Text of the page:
EJR Beads

Author Topic: Hollow Beads  (Read 6399 times)

jembox

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Hollow Beads
« on: August 03, 2011, 04:01:52 AM »
Iv'e seen a lot of large hollow beads lately.  Are they making them over a dried core of paperclay and then soaking it out ????

ejralph

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Re: Hollow Beads
« Reply #1 on: August 03, 2011, 07:13:51 AM »
That is one method, yes - you can buy pre-made paper ball too I think.

You can also form your own inner cores - out of bio-degradeable packing peanuts, which you can dampen, shape and allow to dry then cover with clay.

Or, use aluminium foil to provide a lightweight base in any shape  - although you obviously cannot soak this one out after!

Emma
Emma from Sunny Sussex, UK
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Carrie

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Re: Hollow Beads
« Reply #2 on: August 03, 2011, 03:59:11 PM »
Christine Dumont did an online course teaching her method recently - that's why you've suddenly seen so many  :)

I can thoroughly recommend it when she does her next one - video tutorials, extra hints, tips and tutes, a forum and help anytime, and somewhere to post our beady pics. Plus she prepared a pdf of it all which was a complete bonus at the end!

ejralph

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Re: Hollow Beads
« Reply #3 on: August 03, 2011, 04:35:17 PM »
I'm trying to recall who it was years ago who made huge hollow beads on ping-pong balls? Shelley might remember....

Ford and Forlano (who used to be known as City Zen Cane) also did some wonderful big beads, I think Pier Voulkos did also.
http://polymerclaydaily.com/2011/01/19/how-big-beads-arrive-in-a-museum/

Its good to see them becoming popular again actually - for no other reason than big hollows give a lot more space for expression and decoration.  8)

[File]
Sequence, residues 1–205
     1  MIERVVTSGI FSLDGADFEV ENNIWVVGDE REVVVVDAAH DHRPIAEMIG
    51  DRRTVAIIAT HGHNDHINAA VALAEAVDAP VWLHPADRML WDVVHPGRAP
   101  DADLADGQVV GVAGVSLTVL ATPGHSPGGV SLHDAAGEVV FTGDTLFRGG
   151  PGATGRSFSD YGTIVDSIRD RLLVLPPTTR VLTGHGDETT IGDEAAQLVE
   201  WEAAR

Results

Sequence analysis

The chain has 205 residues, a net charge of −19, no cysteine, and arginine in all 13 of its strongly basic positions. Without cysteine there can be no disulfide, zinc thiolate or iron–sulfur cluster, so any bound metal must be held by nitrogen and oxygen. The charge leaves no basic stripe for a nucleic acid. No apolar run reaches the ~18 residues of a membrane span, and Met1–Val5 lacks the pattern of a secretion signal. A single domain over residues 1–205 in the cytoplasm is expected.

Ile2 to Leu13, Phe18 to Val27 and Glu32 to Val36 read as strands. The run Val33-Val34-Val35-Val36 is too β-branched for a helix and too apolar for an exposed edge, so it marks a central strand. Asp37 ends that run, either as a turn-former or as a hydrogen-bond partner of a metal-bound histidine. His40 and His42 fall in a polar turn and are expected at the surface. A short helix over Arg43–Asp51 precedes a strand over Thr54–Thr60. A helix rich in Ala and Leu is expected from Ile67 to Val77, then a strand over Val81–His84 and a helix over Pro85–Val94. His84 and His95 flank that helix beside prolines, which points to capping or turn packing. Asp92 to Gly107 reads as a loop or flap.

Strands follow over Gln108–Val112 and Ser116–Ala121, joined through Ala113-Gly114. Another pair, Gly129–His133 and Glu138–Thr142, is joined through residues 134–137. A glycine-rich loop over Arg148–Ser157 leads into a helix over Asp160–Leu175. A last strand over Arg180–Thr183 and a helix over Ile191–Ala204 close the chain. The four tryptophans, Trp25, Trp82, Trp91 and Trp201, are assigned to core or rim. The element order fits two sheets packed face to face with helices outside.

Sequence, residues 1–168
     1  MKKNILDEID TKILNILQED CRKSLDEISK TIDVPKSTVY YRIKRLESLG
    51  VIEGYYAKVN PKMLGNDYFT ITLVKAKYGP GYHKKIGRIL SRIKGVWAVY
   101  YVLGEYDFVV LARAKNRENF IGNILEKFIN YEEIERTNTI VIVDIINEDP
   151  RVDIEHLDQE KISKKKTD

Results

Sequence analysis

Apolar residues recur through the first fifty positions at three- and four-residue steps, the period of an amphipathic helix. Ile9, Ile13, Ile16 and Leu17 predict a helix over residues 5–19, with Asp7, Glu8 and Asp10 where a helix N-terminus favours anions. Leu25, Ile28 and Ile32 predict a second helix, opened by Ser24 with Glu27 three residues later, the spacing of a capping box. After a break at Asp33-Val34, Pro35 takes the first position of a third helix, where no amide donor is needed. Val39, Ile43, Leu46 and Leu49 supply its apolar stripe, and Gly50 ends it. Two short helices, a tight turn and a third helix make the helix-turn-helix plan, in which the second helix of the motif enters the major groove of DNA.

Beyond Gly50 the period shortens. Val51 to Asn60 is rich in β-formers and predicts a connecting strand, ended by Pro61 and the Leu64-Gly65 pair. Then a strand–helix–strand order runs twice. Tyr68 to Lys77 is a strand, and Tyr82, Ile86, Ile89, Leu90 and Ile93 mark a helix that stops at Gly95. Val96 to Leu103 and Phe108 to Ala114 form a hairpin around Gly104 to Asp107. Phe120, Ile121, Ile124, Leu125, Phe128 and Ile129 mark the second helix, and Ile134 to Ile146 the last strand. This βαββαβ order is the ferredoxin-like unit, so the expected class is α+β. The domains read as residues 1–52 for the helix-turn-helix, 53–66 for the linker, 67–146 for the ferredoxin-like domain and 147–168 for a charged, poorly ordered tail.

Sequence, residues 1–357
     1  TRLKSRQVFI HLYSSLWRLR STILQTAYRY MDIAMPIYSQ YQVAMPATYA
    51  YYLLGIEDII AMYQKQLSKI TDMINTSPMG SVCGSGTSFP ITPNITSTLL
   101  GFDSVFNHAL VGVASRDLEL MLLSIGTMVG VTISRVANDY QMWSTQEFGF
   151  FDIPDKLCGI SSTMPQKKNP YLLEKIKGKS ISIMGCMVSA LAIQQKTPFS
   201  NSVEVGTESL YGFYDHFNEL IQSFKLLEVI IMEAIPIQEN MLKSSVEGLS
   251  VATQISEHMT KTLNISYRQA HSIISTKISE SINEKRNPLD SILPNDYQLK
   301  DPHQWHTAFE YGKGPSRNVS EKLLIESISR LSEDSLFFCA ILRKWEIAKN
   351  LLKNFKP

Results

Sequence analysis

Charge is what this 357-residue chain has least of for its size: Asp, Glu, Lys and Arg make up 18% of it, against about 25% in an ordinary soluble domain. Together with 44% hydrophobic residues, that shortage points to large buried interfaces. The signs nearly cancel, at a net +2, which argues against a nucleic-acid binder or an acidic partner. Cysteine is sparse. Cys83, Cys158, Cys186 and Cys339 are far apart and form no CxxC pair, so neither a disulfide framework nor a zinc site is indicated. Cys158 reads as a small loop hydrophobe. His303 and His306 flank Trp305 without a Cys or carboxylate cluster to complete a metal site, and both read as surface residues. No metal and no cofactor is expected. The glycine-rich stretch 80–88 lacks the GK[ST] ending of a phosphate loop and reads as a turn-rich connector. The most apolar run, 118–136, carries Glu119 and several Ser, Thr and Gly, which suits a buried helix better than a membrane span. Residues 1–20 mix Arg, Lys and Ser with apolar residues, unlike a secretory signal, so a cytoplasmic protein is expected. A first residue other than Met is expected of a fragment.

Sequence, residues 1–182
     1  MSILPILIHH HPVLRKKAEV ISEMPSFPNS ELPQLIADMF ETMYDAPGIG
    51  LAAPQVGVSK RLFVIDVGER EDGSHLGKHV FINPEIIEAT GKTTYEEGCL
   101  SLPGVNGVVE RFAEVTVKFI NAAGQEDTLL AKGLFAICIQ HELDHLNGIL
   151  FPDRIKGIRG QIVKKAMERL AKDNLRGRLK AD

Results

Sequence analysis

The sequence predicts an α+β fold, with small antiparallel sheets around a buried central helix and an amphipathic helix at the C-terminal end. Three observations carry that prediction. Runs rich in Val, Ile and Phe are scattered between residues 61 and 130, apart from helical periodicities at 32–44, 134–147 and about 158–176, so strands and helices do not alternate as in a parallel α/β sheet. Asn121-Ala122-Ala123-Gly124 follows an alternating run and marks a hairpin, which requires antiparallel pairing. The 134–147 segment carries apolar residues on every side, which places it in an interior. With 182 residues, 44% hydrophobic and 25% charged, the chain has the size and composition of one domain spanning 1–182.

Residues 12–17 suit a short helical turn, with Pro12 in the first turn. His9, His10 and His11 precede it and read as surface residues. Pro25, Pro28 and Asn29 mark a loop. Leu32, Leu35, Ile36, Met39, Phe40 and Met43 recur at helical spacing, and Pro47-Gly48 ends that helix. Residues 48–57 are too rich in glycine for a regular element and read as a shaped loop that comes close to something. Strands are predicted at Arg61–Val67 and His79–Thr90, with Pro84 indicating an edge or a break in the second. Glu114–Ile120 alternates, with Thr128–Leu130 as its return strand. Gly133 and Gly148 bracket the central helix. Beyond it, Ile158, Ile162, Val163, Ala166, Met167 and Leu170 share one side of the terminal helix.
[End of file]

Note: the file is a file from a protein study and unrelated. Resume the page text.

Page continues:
Emma
Emma from Sunny Sussex, UK
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jembox

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Re: Hollow Beads
« Reply #4 on: August 03, 2011, 04:47:18 PM »
ping pong ball is a great idea , I have covered plastic easter eggs  and it worked fine, you still need a vent hole,

ejralph

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Re: Hollow Beads
« Reply #5 on: August 03, 2011, 04:58:42 PM »
It's not something I have tried, so no idea if it works or not.

I would imagine though - rather like with scrunched up aluminium foil - its a good idea to make the hole first before you cover it with clay and try to remember where it is and re-pierce.

Whenever I have tried to make the hole through the foil when the clay is already in place, I have squished up the clay too much

Emma
Emma from Sunny Sussex, UK
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Carrie

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Re: Hollow Beads
« Reply #6 on: August 03, 2011, 07:13:11 PM »
Are the ping-pong balls ok at curing temp?

You never can tell - I found that the plastic bit that goes onto a spool of Beadalon to keep it wound is a perfect fit for a bangle for me...."ping" went a light in my head...but sadly when I tried it in the oven it slumped  :'(


ejralph

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Re: Hollow Beads
« Reply #7 on: August 03, 2011, 07:50:07 PM »
That is what I am not sure of.

The same with plastic pens - some are fine to cover, others just go all melty.

Only one way to find out really  ;D

Emma
Emma from Sunny Sussex, UK
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MelMcG

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Re: Hollow Beads
« Reply #8 on: August 04, 2011, 10:32:17 PM »
I read somewhere that you can use cork clay, but I haven't tried it yet.  Has anyone else ever heard of cork clay being used?

Mel

ilkidesigns

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Re: Hollow Beads
« Reply #9 on: August 04, 2011, 10:40:21 PM »
I have used cork clay but only with PMC.  The temperature of the kiln for the PMC burns off the cork clay and just leaves the silver.  I guess you could use with polymer but it wouldn't burn off as the temperature would not be high enough, it would just go hard. 
I might give it a try and see what happens!
Gail

jembox

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Re: Hollow Beads
« Reply #10 on: August 05, 2011, 11:51:50 PM »
Ive tried cork clay but its heavier than sculpey Ultra Light..